Thus, the process of this invention comprises depositing an alloy film composed predominantly of cobalt and having a high coercive force and a high magnetic flux, onto the surface of magnetic materials conventionally employed, e.g. acicular γ.Fe2 O3 or acicular Fe3 O4, to provide as a whole a magnetic material having a high coercive force and a high magnetic flux density. More particularly, the process of the invention may be practiced in one illustrative embodiment by dispersing finely divided particles of a ferromagnetic oxide into an aqueous solution containing an ion of such metals as cobalt and nickel and a reducing agent capable of reducing the metal ion in an aqueous medium, e.g. hydrazine and a derivative thereof, sodium hypophosphite and hydrosulfite; and then reacting the ion with the reducing agent under such conditions as to cause the reductive reaction. By this reductive reaction, a coating of a ferromagnetic metal such as cobalt or that of a ferromagnetic alloy such as cobalt-nickel alloy can be formed and deposited on the surface of finely divided particles of a ferromagnetic oxide.

DESCRIPTION OF THE PREFERRED EMBODIMENTS

This invention will be described in more detail by way of the following non-limitative examples.

EXAMPLE 1

About 50 g. of acicular magnetite having a longitudinal axis of about 0.5μ and an acicular ratio of 6/8, were dispersed into a reaction solution of the composition shown below, having a pH of 8.2-8.6 and the dispersion was heated for about 1 hour to effect the reaction at 105C.

______________________________________Composition of the reaction solution______________________________________Cobalt chloride       10      g.Sodium citrate        20Sodium hypophosphite  5Ammonium Chloride     1023% ammoniac water    10Water                 1000______________________________________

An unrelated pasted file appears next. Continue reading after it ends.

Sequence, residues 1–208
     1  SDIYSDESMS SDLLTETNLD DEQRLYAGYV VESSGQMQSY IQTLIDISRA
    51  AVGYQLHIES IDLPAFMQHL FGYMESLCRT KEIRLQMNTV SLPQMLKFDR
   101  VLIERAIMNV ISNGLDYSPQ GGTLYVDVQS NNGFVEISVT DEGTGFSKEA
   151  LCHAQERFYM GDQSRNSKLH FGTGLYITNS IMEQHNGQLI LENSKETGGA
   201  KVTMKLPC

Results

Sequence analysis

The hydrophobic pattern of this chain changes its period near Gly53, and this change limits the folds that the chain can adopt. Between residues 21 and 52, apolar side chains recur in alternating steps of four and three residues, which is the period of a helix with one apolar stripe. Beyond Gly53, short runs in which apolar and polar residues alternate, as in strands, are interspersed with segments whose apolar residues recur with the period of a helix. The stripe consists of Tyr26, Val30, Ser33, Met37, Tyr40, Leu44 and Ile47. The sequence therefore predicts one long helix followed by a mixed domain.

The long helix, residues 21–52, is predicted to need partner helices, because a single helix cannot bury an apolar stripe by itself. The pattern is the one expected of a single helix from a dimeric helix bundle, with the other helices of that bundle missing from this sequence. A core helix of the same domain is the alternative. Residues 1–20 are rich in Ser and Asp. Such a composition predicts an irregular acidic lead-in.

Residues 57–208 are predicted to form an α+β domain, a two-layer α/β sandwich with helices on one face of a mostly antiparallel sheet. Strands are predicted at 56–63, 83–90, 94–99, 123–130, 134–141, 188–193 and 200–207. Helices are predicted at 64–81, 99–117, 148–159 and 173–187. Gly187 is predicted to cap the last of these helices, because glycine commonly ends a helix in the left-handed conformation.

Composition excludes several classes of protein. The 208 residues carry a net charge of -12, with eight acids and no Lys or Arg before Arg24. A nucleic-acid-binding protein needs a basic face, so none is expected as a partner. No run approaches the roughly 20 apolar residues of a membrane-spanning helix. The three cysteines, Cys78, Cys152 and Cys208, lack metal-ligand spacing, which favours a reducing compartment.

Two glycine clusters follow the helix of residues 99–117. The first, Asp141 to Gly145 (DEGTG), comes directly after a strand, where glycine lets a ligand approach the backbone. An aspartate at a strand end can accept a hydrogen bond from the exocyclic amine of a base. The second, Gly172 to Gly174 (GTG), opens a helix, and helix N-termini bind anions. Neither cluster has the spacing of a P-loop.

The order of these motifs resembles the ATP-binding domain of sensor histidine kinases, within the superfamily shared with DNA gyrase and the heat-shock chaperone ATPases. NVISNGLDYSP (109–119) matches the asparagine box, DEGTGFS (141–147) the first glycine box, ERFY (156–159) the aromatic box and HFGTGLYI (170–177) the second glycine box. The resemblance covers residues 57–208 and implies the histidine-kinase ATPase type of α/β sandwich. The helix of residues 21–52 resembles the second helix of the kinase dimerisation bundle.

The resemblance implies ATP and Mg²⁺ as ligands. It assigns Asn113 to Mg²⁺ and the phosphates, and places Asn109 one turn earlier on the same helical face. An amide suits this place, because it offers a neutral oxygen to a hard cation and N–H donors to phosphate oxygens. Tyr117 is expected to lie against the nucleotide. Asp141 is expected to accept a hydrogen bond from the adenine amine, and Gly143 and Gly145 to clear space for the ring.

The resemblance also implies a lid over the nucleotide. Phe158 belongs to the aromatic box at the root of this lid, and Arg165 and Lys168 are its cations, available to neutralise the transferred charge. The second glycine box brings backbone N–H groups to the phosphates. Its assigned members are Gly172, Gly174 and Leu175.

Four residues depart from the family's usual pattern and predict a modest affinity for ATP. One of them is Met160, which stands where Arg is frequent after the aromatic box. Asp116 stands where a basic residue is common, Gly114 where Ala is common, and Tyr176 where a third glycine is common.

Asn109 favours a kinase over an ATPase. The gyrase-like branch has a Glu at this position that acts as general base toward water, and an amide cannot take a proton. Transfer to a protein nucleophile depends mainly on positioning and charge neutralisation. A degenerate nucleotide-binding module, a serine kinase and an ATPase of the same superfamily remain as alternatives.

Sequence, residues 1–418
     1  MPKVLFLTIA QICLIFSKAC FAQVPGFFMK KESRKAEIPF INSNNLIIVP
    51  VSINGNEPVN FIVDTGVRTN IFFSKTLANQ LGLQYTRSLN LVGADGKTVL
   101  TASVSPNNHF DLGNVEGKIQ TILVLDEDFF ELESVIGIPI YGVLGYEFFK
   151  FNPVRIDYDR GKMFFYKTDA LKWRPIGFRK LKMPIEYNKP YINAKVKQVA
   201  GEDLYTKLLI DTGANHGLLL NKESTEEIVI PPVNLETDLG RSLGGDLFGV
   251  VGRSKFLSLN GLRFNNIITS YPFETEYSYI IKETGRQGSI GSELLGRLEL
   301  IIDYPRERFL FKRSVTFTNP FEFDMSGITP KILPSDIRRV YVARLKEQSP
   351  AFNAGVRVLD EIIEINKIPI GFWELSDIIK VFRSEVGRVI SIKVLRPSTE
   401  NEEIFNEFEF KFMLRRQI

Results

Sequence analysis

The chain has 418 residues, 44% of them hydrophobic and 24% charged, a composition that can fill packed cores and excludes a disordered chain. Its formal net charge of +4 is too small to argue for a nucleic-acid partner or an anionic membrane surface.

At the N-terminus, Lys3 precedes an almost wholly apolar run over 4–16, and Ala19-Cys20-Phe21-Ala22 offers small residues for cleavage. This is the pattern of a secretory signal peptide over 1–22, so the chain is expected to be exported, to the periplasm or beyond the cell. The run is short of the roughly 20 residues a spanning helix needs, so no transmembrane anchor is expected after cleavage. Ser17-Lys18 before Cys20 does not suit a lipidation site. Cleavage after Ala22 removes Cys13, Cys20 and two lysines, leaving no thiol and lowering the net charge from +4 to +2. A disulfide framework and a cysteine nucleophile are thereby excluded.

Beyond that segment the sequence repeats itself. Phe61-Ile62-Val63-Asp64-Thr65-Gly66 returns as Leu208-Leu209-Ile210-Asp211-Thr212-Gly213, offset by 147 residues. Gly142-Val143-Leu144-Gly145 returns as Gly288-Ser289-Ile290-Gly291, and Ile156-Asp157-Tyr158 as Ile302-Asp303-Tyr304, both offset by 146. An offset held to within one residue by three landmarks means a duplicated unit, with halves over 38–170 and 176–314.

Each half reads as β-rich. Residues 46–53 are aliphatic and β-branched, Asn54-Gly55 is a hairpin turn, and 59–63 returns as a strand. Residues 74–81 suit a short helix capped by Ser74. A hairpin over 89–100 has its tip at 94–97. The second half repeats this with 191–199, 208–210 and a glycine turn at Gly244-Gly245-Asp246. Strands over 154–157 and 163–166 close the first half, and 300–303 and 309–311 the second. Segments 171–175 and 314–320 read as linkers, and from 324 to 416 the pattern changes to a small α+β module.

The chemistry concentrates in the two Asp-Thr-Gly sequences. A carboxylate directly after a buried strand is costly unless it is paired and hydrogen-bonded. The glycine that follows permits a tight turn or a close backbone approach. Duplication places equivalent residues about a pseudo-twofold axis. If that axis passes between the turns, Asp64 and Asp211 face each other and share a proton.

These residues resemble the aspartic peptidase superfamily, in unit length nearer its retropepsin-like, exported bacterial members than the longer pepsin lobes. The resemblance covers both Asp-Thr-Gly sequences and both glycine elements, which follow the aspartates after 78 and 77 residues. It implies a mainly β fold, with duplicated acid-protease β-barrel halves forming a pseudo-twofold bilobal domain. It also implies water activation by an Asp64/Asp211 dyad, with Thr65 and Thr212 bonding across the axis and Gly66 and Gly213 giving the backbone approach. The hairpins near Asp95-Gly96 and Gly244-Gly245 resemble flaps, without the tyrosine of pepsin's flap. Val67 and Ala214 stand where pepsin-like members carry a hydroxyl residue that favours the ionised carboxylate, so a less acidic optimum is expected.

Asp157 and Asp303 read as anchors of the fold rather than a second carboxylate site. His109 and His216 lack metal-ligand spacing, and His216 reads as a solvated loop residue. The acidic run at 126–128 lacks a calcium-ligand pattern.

The reaction product was washed with water, dried and then measured for its magnetic properties whereby the resultant product has a higher coercive force and a higher magnetic flux density than those exhibited by the magnetite beofre the reaction. The data obtained are shown below.

______________________________________           Magnetite                   Reaction           before  product           the reaction______________________________________Coercive force, oersted             390       510Remanent magneticflux density, Gcm3 /g             485       505Saturated magneticflux density, Gcm3 /g             970       1000Squareness        0.50      0.505______________________________________
EXAMPLE 2

About 40 g. of acicular magnetite having a longitudinal axis of about 0.5 μ and an acicular ratio of 6/8 are dispersed into a reaction solution of the composition shown below, having a pH of 12.0-14 12.4 and the reaction is carried out at a temperature of 702C. for 3 hours.

______________________________________Composition of the reaction solution______________________________________Cobalt chloride        20      g.Sodium tartrate        100Hydrazine hydrochloride                  100Sodium hydroxide       85Water                  1000______________________________________

The reaction product is washed with water, dried and then measured for its magnetic properties whereby the resultant product has a higher coercive force and a greater magnetic flux density than the magnetite before the reaction.

The data obtained are shown below.

______________________________________           Magnetite                   Reaction           before  product           the reaction______________________________________Coercive force, oersted             390       470Remanent magneticflux density, Gcm3 /g             435       520Saturated magneticflux density, Gcm3 /g             970       1105Squareness        0.50      0.47______________________________________